The school holidays are coming to a close, and parents everywhere are already drunk with excitement at the thought of little Tarquin and Bella returning to school, after school care, and out of sight quite frankly.
The holidays always start out well-intentioned.
I myself always have a long list of things we’re going to do, everything from learning to surf, right down to abseiling the Sky Tower with my three kids strapped to my back, while learning to make sushi.
But the reality is, that you tend to run out of spare money on the second day (Sunday) and so you just grant the kids an extra nine hours’ screen time…
that’s great Big T, I love that you’re on Mathletics like this, good choices, boy
What an absolute joke; you know full well he’s spent the last five hours watching a group of 15 year olds swallow chicken eggs whole, shell and all, then go to the ED to get X-rayed to see if the whole egg is still intact. It’s the whole reason you became a parent.
By the Friday of the first week, you’ve done precisely nothing of significance with them. You scroll through the endless Facebook posts of families who are hiking in South America somewhere, cooking flax over a gas stove so that the kids can weave school satchels for local school kids, and you look around your own house which is strewn with bedraggled children who had an ice block for breakfast and now have literal rectangular eyes.
You make a mental note to ring up the bank on Monday to download off the mortgage to get plastic surgery on the eyes before school starts again, but then you forget because suddenly there’s three different public holidays embedded within the school holidays and you need to quickly buy eight metric tonnes of chocolate and also book dental surgery instead of eye surgery.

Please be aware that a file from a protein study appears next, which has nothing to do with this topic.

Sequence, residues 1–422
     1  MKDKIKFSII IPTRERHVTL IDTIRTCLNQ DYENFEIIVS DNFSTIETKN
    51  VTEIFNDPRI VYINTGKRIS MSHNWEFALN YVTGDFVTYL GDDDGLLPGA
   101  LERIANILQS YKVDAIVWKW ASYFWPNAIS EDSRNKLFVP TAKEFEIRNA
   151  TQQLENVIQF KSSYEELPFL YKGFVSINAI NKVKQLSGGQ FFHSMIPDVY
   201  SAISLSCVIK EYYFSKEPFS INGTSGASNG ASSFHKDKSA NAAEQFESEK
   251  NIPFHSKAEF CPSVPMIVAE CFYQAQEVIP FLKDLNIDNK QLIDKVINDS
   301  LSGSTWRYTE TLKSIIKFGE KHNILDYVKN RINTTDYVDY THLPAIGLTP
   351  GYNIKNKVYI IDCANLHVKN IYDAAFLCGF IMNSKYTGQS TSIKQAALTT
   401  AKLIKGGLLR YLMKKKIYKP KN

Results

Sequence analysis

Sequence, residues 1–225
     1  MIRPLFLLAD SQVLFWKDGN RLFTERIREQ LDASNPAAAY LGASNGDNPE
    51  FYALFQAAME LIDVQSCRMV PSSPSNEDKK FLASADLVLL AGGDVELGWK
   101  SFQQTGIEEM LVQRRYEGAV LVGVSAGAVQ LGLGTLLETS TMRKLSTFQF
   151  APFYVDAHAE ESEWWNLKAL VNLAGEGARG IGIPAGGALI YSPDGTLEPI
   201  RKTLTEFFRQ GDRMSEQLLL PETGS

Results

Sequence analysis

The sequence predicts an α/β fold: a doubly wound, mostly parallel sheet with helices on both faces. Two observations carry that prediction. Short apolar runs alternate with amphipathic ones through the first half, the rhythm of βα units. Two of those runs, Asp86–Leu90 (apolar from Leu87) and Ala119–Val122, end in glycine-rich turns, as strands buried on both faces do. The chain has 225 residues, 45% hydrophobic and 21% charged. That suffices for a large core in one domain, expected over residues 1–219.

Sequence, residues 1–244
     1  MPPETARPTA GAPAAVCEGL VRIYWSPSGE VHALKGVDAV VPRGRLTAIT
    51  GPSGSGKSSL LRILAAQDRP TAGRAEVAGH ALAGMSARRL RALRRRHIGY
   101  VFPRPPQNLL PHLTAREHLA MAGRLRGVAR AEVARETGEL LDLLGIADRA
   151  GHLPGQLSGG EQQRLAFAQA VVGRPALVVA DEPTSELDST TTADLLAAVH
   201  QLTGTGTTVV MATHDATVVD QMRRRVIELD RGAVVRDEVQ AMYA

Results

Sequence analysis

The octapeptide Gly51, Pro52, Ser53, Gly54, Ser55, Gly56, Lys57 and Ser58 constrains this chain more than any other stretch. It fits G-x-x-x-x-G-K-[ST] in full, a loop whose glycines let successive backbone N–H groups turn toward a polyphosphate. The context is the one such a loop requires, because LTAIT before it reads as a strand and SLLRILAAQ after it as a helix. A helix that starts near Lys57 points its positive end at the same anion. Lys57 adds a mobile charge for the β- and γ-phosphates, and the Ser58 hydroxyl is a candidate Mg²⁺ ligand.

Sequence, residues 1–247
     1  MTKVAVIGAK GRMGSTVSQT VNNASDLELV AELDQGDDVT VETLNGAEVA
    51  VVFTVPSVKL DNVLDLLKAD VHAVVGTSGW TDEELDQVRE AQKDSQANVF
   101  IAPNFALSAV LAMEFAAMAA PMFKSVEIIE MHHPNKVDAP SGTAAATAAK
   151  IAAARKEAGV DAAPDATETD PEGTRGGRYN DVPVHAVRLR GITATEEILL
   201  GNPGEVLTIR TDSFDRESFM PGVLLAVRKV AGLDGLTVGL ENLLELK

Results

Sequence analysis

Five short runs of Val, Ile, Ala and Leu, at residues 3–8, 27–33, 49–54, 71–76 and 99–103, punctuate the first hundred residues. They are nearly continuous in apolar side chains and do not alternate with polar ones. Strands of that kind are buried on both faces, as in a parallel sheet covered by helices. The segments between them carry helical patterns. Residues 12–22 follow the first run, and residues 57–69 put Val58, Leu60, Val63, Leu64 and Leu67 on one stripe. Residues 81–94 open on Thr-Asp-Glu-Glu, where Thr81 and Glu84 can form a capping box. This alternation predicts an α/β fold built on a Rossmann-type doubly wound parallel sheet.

Suddenly it’s the end of the second week, and the hellscape of your home includes new Lego that you couldn’t really afford and two-week-old lunches still sitting in school bags that you won’t know about until Sunday night.
Inside the boxes is detritus that can no longer be identified, but you know in your heart that as the lunch was made on the last Friday of term, it’ll be pretty well-preserved: Twisties, the empty suckie foil and half a muffin, so full of sugar, that it will still be around in a landfill until 2079.
All up it’s been a success in that you didn’t end up in triage or blow out the broadband. Or maybe you did but what’s another $500 on the Spark bill?
Monday of term two rolls around and after you’ve had to quickly sew a makeshift uniform for one child since the original is lost forever, you silently, smugly pull up to the curb outside school, your petrol gauge on empty, and one by one they alight.
We’ll miss you so much, mum
Then smugly, knowing you’ve gotten away with the most disorganised bit of chaos ever, you stop by the coffee place and neck precisely five double-shot flat whites, then head home with a mini-digger on the top of your people mover to help clean the lounge.